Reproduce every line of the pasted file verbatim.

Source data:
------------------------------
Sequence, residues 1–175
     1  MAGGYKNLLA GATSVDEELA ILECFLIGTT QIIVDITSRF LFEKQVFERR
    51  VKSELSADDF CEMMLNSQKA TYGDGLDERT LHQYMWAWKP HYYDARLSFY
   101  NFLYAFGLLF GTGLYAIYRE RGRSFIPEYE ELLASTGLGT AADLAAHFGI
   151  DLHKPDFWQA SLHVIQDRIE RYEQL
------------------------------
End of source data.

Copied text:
Sequence, residues 1–175
     1  MAGGYKNLLA GATSVDEELA ILECFLIGTT QIIVDITSRF LFEKQVFERR
    51  VKSELSADDF CEMMLNSQKA TYGDGLDERT LHQYMWAWKP HYYDARLSFY
   101  NFLYAFGLLF GTGLYAIYRE RGRSFIPEYE ELLASTGLGT AADLAAHFGI
   151  DLHKPDFWQA SLHVIQDRIE RYEQL